Yet, for all of the questionable or even potentially malicious use cases of AI, Lloyd and Eliot highlighted an extensive list of powerfully compelling uses for AI, such as advancing new medical treatments, preventing cyber attacks, improving energy efficiency and increasing crop yields. Elliot, Booz Allen Hamilton’s director of artificial intelligence, noted that AI also may prove transformative in missing person crises, such as being able to swiftly locate missing children in AMBER Alert child abductions.

Whether the potential ethical implications of AI and machine learning outweigh the good that can be accomplished is very much a case-by-case judgment call, Elliot said, requiring a holistic evaluation of the possible outcomes through a risk management lens. Successful, ethical implementation of AI and machine learning also call for strong governance, with emphasis on benefits realization, risk optimization and resource optimization. Elliot and Lloyd said organizations should identify and engage key stakeholders in AI projects, including the creation of an ethical review board and a chief ethics officer. Some high-impact deployments might also require direct access to the C-Suite for input on risk considerations.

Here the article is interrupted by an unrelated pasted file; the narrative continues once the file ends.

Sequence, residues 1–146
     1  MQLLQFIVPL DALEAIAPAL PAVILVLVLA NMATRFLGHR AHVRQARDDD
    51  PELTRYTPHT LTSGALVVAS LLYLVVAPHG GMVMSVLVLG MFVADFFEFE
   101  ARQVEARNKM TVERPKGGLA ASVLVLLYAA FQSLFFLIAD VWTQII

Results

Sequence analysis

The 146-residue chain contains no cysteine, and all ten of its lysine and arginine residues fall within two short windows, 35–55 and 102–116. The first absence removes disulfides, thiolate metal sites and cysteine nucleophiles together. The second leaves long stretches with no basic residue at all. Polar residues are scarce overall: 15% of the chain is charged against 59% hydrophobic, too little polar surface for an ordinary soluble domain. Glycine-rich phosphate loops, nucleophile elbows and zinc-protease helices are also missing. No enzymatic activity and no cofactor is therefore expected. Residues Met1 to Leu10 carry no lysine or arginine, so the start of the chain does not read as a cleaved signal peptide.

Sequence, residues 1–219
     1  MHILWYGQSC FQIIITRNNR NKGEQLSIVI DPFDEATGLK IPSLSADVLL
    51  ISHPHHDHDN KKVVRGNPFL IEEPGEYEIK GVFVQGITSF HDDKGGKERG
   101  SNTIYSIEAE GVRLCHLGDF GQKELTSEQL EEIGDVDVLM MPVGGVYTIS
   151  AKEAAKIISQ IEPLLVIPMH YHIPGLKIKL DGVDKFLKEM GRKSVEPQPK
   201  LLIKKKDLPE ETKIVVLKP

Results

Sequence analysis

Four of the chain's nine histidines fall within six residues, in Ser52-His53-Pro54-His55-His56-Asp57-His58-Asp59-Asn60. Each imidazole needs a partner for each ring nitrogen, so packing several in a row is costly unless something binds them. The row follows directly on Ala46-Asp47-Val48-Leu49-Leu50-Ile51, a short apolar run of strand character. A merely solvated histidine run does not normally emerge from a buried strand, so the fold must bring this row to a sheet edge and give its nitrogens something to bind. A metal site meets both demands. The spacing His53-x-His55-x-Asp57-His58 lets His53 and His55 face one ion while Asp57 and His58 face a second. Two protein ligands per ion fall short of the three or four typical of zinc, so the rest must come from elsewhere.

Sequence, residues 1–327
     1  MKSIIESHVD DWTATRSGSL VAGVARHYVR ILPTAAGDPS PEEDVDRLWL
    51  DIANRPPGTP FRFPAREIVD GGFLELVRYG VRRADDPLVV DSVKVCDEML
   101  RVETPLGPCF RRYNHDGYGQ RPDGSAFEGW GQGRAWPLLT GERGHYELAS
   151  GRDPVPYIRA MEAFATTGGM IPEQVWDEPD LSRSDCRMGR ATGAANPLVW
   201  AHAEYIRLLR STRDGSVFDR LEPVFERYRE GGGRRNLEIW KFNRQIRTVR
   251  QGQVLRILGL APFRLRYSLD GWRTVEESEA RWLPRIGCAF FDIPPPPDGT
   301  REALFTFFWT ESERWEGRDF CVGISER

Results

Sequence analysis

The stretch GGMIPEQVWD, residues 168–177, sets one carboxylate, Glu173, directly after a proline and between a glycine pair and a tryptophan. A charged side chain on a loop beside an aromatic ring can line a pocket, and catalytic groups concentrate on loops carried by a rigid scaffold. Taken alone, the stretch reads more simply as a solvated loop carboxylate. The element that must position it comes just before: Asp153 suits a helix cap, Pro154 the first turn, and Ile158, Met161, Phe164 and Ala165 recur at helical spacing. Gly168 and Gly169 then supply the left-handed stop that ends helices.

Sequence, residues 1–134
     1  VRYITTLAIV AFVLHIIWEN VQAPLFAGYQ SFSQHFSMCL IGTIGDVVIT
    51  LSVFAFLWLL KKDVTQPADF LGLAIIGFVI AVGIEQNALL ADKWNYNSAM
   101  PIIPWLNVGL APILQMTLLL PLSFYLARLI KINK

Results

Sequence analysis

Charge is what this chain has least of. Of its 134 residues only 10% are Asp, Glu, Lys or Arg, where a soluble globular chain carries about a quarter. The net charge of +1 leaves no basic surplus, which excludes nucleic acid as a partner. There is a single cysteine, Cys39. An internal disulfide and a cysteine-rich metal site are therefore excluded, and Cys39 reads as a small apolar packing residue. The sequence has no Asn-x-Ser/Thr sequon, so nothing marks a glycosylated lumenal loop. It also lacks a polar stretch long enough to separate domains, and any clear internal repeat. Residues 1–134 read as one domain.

Elliot and Lloyd suggested that organizations consider the following questions when deciding how they might want to deploy AI and machine learning:

  1. What are our goals?
  2. How much risk are we willing to tolerate?
  3. What is the state of our data assets?
  4. What talent assets do we have?
  5. What are our values?

From a people talent standpoint, Elliot noted there is a serious shortage of professionals with the expertise to help enterprises effectively and securely implement AI and machine learning, causing many organizations to turn to the ranks of academia and research to fill in the personnel gaps. Lloyd, an AI strategist with Booz Allen Hamilton, acknowledged the workforce worries many harbor regarding the potential for AI and machine learning to displace large numbers of practitioners, but said that there will remain an enduring need for humans’ critical thinking skills, while machines continue to introduce process improvements in computational thinking.

Taking the long view, Elliot and Lloyd said AI and related disciplines have transitioned from their previous state of simple task execution to the current era of pattern recognition, with a future that will be reshaped by added capabilities of contextual reasoning. Elliot said many of today’s common uses, such as robotic process automation (RPA), are a mere “gateway drug” to more sophisticated technologies and applications that are being aggressively researched in Silicon Valley and beyond.

Category: ISACA
Published: 8/14/2018 2:39 PM

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(14/08/2018 @ 19:47)

Dernière mise à jour : 21/08/2018 @ 23:16